It is estimated that between 50-65% of us who suffer from a panic disorder will have a panic attack of some sort during bedtime at least once. And of course, when there is a first time, there is always the fear that it will happen again, which then perpetuates the panic even further.
The problem is that if you don’t have a good back up plan in dealing with your nightly terrors, the chances are that it is only going to happen again, and you will be wasting even more time by tossing and turning in bed, where usually the best thing to do would be to activate your mind.
Despite what might be a daunting task, overcoming panic attacks at night need not be an enduring ritual.
There are key steps that you can use in order to minimize your bed time terror, and still have a rejuvenating sleep!
1- Avoid medication, caffeine or alcohol
Medication, in many cases only relieves you of the symptoms on a short term basis. You still need to find psychological and spiritual coping strategies if you want to recover in the long run. Caffeine is a proven stimulant, so taking this before bedtime simply means you are going to stay awake and find sleeping very difficult, and can even create insomnia (it is said that caffeine has a half-life of 6 hours). Alcohol, while very tempting, is also indirectly a stimulant.
2- Don’t look at the clock
Sounds silly and ridiculous, by incredibly this can sometimes work. By looking at the clock, you can inadvertently trigger more anxiety because you feel that you should be sleeping, not staying awake. You have to actually move and turn the clock away so you can’t see the lights (which can also keep you awake as well).
3 – Exercise during the day
Exercise is not only very healthy for you, but if done several hours before bed-time, before the panic of night starts to creep in, it can actually help you drift off to sleep even quicker.
The best form of exercise is a form of H.I.I.T (High-Intensity Interval Training). Basically, you do something short but quick, i.e. use a stationary bike or run outside for a good 60 seconds at top speed. The trick here is to raise your heart beat so you are panting, recover to bring it back down, then rinse and repeat.
This type of exercise is famous for improving your lung capacity, and will help promote more Testosterone and Human Growth Hormone when you sleep. It also helps you to fall asleep more quickly as well.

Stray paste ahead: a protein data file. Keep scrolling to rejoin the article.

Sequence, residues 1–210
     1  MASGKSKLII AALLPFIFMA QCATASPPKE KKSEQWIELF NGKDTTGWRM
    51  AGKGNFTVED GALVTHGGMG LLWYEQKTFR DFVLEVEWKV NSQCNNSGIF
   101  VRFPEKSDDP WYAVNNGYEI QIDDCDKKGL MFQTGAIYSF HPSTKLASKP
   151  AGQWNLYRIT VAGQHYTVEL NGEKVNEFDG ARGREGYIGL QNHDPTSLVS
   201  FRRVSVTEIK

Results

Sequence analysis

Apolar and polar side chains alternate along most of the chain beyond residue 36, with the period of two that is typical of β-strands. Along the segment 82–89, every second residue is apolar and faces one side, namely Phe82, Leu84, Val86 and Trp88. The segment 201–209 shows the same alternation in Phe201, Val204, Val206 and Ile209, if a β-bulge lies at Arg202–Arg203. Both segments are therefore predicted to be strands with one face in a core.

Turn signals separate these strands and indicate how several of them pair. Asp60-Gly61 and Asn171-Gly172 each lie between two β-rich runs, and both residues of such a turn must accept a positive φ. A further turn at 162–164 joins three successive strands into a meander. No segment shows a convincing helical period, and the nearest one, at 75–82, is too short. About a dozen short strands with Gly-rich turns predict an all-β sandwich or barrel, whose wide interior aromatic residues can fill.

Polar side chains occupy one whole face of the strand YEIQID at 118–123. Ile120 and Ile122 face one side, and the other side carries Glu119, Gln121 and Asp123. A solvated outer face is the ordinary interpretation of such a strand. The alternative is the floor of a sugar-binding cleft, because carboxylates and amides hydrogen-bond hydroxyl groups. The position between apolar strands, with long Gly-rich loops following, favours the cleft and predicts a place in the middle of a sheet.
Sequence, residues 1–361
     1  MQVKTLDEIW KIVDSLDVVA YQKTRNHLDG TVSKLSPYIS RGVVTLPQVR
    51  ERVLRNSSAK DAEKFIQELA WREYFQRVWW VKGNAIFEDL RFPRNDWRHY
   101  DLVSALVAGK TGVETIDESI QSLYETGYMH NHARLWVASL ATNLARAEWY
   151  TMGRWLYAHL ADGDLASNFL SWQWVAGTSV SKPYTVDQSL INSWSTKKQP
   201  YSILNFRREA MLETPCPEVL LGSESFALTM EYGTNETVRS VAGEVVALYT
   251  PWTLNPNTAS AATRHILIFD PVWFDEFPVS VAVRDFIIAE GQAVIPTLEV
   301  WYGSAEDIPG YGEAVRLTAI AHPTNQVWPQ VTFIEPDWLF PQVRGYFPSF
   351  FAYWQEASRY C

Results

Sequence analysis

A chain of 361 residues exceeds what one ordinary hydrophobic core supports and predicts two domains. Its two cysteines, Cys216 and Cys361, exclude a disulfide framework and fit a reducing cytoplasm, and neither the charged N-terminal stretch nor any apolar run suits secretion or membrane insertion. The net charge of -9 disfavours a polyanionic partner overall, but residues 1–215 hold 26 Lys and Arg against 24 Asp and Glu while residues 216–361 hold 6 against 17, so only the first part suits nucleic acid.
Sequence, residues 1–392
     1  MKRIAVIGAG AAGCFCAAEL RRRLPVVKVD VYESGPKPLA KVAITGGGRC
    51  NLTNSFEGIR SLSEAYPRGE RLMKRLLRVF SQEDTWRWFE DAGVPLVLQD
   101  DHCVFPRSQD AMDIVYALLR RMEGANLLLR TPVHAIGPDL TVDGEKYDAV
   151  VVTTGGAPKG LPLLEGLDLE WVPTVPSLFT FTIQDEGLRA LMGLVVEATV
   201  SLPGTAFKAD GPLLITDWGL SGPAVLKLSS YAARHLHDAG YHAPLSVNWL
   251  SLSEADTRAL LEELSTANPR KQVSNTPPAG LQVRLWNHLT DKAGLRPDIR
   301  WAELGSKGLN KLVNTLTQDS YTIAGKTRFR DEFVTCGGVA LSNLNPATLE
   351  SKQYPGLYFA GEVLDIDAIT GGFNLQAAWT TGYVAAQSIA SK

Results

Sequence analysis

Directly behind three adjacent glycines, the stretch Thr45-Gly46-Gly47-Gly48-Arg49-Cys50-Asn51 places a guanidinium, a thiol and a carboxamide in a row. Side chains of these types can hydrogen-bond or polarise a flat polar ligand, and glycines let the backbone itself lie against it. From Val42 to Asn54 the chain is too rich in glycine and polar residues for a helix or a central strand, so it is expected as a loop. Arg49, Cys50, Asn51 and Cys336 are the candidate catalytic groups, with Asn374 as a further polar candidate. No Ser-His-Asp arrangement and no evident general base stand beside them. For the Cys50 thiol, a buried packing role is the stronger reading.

4 – Drinking Valerian Root Tea
This not only helps you relax as it helps activate the parasympathetic nervous system, but Valerian root tea can also be used to help promote a good night sleep, by reducing the anxiety you are feeling.
5 – Give yourself a time limit
If you do find yourself going to bed, and you are still tossing and turning for 15 minutes, don’t waste any more time. Read a book, or get up and do something. Actually try to engage your mind in something that is not too stimulating, but still quite fun. Only return to bed (or turn off the lights) when you find that you are getting increasingly tired.
But what happens when you wake up from a night terror?
If you have tried the above, found yourself going to bed on time, and drifted off quite easily thanks to some Valerian root tea and exercise, you may find that you have a panic attack when you dream. I remember once having a dream when sheer terror filled my heart, I almost woke up in a sweat! The trick here is to get up and do something active once you wake.
Give yourself a few minutes to see if you can fall asleep again (although not likely) and then get up for real. Try to really wake yourself, by splashing water on your face, start reading, or even checking downstairs (but don’t turn on the TV!).
Try to work with the panic and let the feeling work over you.
Just remember, it’s just a feeling. If you wish, try belly breathing to help calm you down, and even practice mindfulness meditation (being here and now) so you can pay attention to any thoughts that can be making the panic worse.
Only once you’ve done this, should you start to feel sleepy. If you find that your eyelids are dropping, or you are yawning a lot, go back to bed. If you find that having done all this you are still very alert, try doing a boring task like tidying your bedroom.
You should find that the terror will subside and that your body will once again wish to have the restful sleep that it richly deserves.
Try the above out, and let me know how you get on. By finding coping strategies for dealing with night terrors, this will also ensure you have a good night sleep which will help you with your panic attacks during the day.
And prolonged good sleep will always help promote long term recovery.
Author bio: Julian Sirian is a mental health blogger and meditation teacher. His blog, www.Huge-Relief-Fast.com is dedicated in helping people recover from panic and anxiety attacks, stress and depression, using natural methods as well as psychological and spiritual techniques.